So, if you want to build your own walker, what do you need in the way of hardware? In terms of processor power, a basic microcontroller (MCU) will suffice to get something tramping across the floor. A modern 16 or 32-bit type will have sufficient memory and processing speed to handle both high and low-level functions. An example of a low-level function is a servo motor driver: it will take a high-level command like ‘Rotate 30 degrees’, translating it into the necessary numbers for the PWM unit in the microcontroller. High-level functions combine sensor inputs with a map of the known environment and the mission profile, to produce the appropriate commands to the low-level functions.

As suggested above, for small humanoid robots the best motor to use is a standard RC servo because the joints do not need full 360 degree rotation and most modern MCUs have at least six PWM output channels – one channel per servo. Commercial mechatronics boards usually bring these out to standard 3-pin servo headers.

The next essential device for a walker is a 3-axis accelerometer. Once very expensive these are now very cheap in chip form. Why do you need it? Because that’s how you can simulate human walking by measuring the tilt of the robot body. Also, should it fall over, the robot can work out its position and how to right itself.

So where to start? There are a number of mechatronics boards available that feature the components mentioned above, or have separate plug-in modules for accelerometers. The Cerebot MC7 (749-6442) based on a dsPIC33 both have 8 servo connectors and sockets to take their Pmod modules, including an accelerometer. Another option is the Freescale Tower mechatronics board (739-5920) with a Coldfire MCU, 8 servo connectors, touch sensor and a 3-axis accelerometer. Just the job. And if you want a basic set of mechanics to go with it, there’s a robot kit (739-5926) too. I reviewed the latter in a blog post some months ago, pointing out a few problems, but finding that the free Robot Vision Toolkit and RobotSee programming language worked very well on the mechatronics board.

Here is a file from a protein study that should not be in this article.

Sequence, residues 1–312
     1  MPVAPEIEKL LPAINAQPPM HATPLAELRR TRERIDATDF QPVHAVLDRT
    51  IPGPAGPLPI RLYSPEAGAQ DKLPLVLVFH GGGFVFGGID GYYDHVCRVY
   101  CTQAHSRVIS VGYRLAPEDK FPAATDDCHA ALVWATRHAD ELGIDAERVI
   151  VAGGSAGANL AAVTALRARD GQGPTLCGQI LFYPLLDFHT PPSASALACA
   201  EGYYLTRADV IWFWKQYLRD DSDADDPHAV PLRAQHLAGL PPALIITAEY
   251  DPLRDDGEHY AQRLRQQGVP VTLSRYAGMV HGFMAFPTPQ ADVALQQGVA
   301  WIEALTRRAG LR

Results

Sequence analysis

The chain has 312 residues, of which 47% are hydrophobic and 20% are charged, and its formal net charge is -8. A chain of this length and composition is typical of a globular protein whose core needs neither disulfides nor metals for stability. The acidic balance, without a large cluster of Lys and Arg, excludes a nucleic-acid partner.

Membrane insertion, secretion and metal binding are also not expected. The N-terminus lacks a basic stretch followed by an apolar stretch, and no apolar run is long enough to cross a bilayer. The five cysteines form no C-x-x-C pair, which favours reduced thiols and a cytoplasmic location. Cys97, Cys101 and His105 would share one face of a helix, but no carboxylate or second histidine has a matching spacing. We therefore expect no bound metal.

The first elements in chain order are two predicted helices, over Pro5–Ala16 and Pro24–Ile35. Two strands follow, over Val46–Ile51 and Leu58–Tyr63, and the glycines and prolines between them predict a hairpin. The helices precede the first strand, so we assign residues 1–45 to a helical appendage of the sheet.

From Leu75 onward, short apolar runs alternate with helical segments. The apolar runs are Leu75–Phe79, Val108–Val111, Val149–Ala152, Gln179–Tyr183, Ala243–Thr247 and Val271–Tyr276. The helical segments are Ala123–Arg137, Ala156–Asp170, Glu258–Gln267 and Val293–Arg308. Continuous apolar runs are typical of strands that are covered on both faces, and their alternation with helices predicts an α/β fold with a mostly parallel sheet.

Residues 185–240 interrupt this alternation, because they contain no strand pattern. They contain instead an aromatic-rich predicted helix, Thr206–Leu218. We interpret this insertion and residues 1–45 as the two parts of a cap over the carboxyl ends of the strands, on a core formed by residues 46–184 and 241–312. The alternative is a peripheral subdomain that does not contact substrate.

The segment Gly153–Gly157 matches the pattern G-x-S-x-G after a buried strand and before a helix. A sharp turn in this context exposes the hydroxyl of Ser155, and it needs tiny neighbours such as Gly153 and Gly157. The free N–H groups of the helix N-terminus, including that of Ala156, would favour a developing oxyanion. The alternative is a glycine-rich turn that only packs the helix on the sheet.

To take advantage of the Cloud development environment with its free on-line tools offered by mbed then I suggest the Cortex-M3 module (703-9238) (It has six PWM outputs) and a SparkFun ADXL345 accelerometer module. The mbed Cookbook has the software drivers you’ll need for this and a whole range of peripheral devices including RC servos.

Finally, what if you want to implement some really complex algorithms involving some AI? Move the high-level functions to a fast single-board computer (SBC) running Linux or an RTOS and use say, the USB port for command communication with the now low-level processor. Researchers in robotics often use a notebook computer for this task, although that may be a bit bulky for a small walking robot. There are plenty of suitable SBCs on the market such as BeagleBoard and the new Raspberry Pi (182-2098) .

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Engineer, PhD, lecturer, freelance technical writer, blogger & tweeter interested in robots, AI, planetary explorers and all things electronic. STEM ambassador. Designed, built and programmed my first microcomputer in 1976. Still learning, still building, still coding today.